Monitoring of EBLV in bats has so far not been prioritized by the Norwegian authorities, probably due to few human cases of bat-associated rabies being reported in Europe. According to the annals of the NVI, only seven carcasses of bats including the EBLV-2 positive case were examined during the last three years. In 2014 and 2015, the NVI in collaboration with the NZS collected and tested nasopharyngeal and cloacal swabs from totally 16 free-ranging Norwegian bats for lyssaviruses with a negative result (unpublished data). The experience gained in this pilot study and from surveillance in other countries is important for future monitoring of bat rabies in Norway.
The authors believe that testing bats found sick or dead should get priority through a national rabies surveillance network in line with the recent recommendations of EUROBATS and EFSA [58, 60]. Additionally, an active surveillance program, over a limited number of years and in defined areas to obtain baseline data on the prevalence of bat rabies in Norway, is also recommended. Finally, we emphasize the importance of good cooperation between bat biologists and laboratory workers to ensure access to representative samples of good quality.
European bat lyssavirus type 1
European bat lyssavirus type 2
Nancy OIE/WHO/EU Laboratory for Rabies and Wildlife
Fluorescent antibody test
Norwegian Environmental Agency
Norwegian Food Safety Authority
Norwegian Veterinary Institute
Norwegian Zoological Society
Polymerase chain reaction
Rabies tissue culture infection test
Hampson K, Coudeville L, Lembo T, Sambo M, Kieffer A, Attlan M, et al. Estimating the global burden of endemic canine rabies. PLoS Negl Trop Dis. 2015; doi:10.1371/journal.pntd.0003709.
Müller T, Freuling CM, Wysocki P, Roumiantzeff M, Freney J, Mettenleiter TC, et al. Terrestrial rabies control in the European Union: historical achievements and challenges ahead. Vet J. 2015;203:10–7.
Heier BT, Lange H, Hauge K, Hofshagen M. Norway 2014 – Trends and source of zoonoses and zoonotic agents in humans foodstuffs, animals and feedingstuffs. Oslo: Norwegian Veterinary Institute; 2015.
Ødegaard ØA, Krogsrud J. Rabies in Svalbard: infection diagnosed in arctic fox, reindeer and seal. Vet Rec. 1981;109:141–2.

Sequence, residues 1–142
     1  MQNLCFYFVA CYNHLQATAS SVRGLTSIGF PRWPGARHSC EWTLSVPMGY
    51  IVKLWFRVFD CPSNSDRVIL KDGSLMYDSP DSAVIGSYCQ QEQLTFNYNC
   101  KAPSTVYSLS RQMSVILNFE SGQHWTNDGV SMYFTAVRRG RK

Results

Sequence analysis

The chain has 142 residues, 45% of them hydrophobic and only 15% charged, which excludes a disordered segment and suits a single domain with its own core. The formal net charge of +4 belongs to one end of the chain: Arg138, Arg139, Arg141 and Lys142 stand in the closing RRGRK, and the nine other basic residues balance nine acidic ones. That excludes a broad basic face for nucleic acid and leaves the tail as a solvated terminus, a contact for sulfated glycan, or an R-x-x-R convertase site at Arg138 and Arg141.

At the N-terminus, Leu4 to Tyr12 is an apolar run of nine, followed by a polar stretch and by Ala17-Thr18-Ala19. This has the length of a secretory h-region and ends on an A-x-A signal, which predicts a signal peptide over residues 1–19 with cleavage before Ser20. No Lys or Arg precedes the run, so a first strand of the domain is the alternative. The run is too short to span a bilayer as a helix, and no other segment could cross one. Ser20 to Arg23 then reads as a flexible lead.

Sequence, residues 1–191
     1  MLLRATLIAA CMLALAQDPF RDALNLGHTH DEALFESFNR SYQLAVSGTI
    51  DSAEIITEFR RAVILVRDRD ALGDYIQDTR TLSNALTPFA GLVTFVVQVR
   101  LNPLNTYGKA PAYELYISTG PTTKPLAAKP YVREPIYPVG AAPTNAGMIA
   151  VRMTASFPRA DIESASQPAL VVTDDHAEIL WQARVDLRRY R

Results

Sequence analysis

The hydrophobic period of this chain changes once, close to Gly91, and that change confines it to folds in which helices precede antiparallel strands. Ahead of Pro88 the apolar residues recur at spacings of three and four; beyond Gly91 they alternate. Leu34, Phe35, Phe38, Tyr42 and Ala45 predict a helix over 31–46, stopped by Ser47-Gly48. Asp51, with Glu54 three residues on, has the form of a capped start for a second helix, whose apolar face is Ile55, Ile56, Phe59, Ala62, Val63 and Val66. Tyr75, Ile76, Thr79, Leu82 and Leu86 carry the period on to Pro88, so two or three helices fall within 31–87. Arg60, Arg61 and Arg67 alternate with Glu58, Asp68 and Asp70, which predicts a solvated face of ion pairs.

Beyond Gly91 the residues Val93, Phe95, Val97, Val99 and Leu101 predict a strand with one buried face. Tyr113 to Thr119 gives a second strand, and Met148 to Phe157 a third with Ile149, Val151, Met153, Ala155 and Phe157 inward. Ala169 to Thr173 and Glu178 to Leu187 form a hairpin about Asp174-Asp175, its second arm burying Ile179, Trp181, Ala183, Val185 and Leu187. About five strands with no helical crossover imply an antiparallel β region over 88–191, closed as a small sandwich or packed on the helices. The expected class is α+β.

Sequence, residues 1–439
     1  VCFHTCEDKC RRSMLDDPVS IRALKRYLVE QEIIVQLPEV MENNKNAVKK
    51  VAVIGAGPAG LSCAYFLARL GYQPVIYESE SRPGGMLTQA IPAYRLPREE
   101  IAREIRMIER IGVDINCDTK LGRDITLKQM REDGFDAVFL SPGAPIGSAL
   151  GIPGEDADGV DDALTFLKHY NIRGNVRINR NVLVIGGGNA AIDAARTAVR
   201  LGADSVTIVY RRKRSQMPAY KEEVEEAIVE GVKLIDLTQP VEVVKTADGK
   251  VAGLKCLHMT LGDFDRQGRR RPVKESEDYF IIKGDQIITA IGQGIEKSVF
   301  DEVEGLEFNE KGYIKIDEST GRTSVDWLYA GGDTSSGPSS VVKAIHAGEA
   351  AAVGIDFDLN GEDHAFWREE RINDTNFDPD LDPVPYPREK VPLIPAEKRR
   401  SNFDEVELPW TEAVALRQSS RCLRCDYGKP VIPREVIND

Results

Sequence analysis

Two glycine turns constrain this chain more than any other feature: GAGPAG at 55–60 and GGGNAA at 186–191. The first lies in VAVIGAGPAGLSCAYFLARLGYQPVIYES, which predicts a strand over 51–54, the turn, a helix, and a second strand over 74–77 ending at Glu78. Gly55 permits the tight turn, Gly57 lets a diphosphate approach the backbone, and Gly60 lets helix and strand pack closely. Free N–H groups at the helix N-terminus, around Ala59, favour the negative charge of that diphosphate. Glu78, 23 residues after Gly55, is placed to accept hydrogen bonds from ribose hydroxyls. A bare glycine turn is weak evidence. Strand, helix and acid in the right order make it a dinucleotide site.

Ørpetveit I, Ytrehus B, Vikøren T, Handeland K, Mjøs A, Nissen S, et al. Rabies in an Arctic fox on the Svalbard archipelago, Norway, January 2011. Euro Surveill. 2011;16:2–3.
Mørk T, Bohlin J, Fuglei E, Åsbakk K, Tryland M. Rabies in the arctic fox population, Svalbard. Norway J Wildl Dis. 2011;47:945–57.
International Committee on Taxonomy of Viruses (ICTV). Virus Taxonomy: 2015 Release. https://talk.ictvonline.org/taxonomy/. Accessed 03 Aug 2016.
Banyard AC, Evans JS, Luo TR, Fooks AR. Lyssaviruses and bats: emergence and zoonotic threat. Viruses. 2014;6:2974–90.
McElhinney LM, Marston DA, Leech S, Freuling CM, van der Poel WHM, Echevarria J, et al. Molecular epidemiology of bat lyssaviruses in Europe. Zoonoses Public Health. 2013;60:35–45.
Jakava-Viljanen M, Nokireki T, Sironen T, Vapalahti O, Sihvonen L, Liisa S, et al. Evolutionary trends of European bat lyssavirus type 2 including genetic characterization of Finnish strains of human and bat origin 24 years apart. Arch Virol. 2015;160:1489–98.
Whitby JE, Heaton PR, Black EM, Wooldridge M, McElhinney LM, Johnstone P. First isolation of a rabies-related virus from a Daubenton's bat in the United Kingdom. Vet Rec. 2000;147:385–8.
Van der Poel WHM, Van der Heide R, Verstraten ERAM, Takumi K, Lina PHC, Kramps JA. European bat lyssaviruses, The Netherlands. Emerg Infect Dis. 2005;11:1854–9.
Freuling C, Grossmann E, Conraths FJ, Schameitat A, Kliemt J, Auer E, et al. First isolation of EBLV-2 in Germany. Vet Microbiol. 2008;131:26–34.
Megali A, Yannic G, Zahno ML, Brügger D, Bertoni G, Christe P, et al. Surveillance for European bat lyssavirus in Swiss bats. Arch Virol. 2010;155:1655–62.
Jakava-Viljanen M, Lilley T, Kyheroinen EM, Huovilainen A. First encounter of European bat lyssavirus type 2 (EBLV-2) in a bat in Finland. Epidemiol Infect. 2010;138:1581–5.
Rasmussen TB, Chriél M, Baagøe HJ, Fjederholt E, Kooi EA, Belsham GJ, et al. Detection of European bat lyssavirus type 2 in Danish Daubenton’s bats using a molecular diagnostic strategy. In Proceedings of 8th annual EPIZONE meeting. Copenhagen; 2014.
Carlsson U, Lahti E, Elvander M. Surveillance of infectious diseases in animals and humans in Sweden 2012. Uppsala: National Veterinary Institute; 2013.
Lumio J, Hillbom M, Roine R, Ketonen L, Haltia M, Valle M, et al. Human rabies of bat origin in Europe. Lancet. 1986;1:378.
Fooks AR, McElhinney LM, Pounder DJ, Finnegan CJ, Mansfield K, Johnson N, et al. Case report: isolation of a European bat lyssavirus type 2a from a fatal human case of rabies encephalitis. J Med Virol. 2003;71:281–9.
Brookes SM, Klopfleisch R, Müller T, Healy DM, Teifke JP, Lange E, et al. Susceptibility of sheep to European bat lyssavirus type-1 and -2 infection: a clinical pathogenesis study. Vet Microbiol. 2007;125:210–23.